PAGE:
Tourist Home All Day Café
Written by Gail Collins
Donut mountains, bagged sugar cookies, pumpkin cheesecake rolls … the tempting pastry posts of #katthebaker to the Facebook page of Tourist Home All Day Café are continuous. It’s enough to cause a change in the morning’s plans to include a quick stop for sweet treats. That certainly seems to be the case—the pastry case, that is—as the numbers of folks picking up pastries has expanded like a warmed bowl of yeast dough.
Pastry Chef Kat Biemann has had her hands in the flour at Tourist Home for more than two years. In that time, batches of donuts readied for the fryer have literally risen from eight to 80. Three assistants have joined the bakery team to help knead, shape and prep.
Saturday is Donut Day, and with 300 freshly glazed circles of happiness on display, there is still no time to dawdle. “We are more popular because we carry more variety than other shops,” Kat said. Keep it quiet, but there are alternate venues for baked goods. The kitchen also supplies pastries to Rendezvous and macarons to Steep Tea Lounge, as well as the menu of desserts for Tourist Home’s related eateries, Tinderbox Kitchen and Annex Cocktail Lounge.
Other days of note for Tourist Home are Pretzel Fridays and Cinnamon Roll and Sticky Bun Sundays. We knew you had a need to know.
Continue reading “Best Bakery”
Tips on how to fill your basket and where to spread the blanket
Written by Gail Collins
It’s always a good day for a picnic in northern Arizona. And it’s the perfect meal for a few reasons: no need for a clean house to entertain, a tablecloth doubles as a nap blanket and al fresco feasting tastes better. Keep it simple and keep it fun by gathering your goodies at local shops. This list is not exhaustive, as Flagstaff’s foodie scene continues to expand, but it provides a good start. As for the venue, numerous parks and panoramas are within easy reach.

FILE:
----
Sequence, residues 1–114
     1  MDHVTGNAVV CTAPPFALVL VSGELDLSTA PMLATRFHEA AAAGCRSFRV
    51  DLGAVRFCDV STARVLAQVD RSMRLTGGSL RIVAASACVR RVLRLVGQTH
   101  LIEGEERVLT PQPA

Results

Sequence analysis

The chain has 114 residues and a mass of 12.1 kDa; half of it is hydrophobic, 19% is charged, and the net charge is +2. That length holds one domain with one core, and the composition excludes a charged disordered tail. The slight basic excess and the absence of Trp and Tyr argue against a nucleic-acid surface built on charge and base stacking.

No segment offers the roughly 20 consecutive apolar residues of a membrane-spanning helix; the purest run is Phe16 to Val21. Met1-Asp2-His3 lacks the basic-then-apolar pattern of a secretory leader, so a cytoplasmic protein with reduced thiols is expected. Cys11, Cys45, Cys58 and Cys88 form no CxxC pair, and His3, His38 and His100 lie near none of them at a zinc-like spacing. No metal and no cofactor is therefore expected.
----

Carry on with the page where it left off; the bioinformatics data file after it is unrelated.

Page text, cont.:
Where to fill the basket
Planning brunch on a blanket? Swing into Macy’s European Coffee House (14 S. Beaver Street). Unique combinations, like the mozzarella sandwich, bursting with fresh cheese, organic spinach, roasted red pepper, balsamic glazed onion, tomatoes and basil, create difficult, but delicious, decisions. The coffee is top-notch and grab a made-from-scratch pastry.
Tourist Home Urban Market (52 S. San Francisco Street) carries specialty items on the shelf and fresh grub to go. The daily quiche makes an easy handhold and the Cobb salad packs protein. Pastry chef Kat Beimann stocks a case of sweet surprises, too.
The deli counter at Proper Meats + Provisions (110 S. San Francisco Street) offers specialty butchered meats for the best cheesesteak outside of Philly or go global with the bahn mi of pork shoulder confit, pickled zucchini and carrot with cilantro and chili aioli.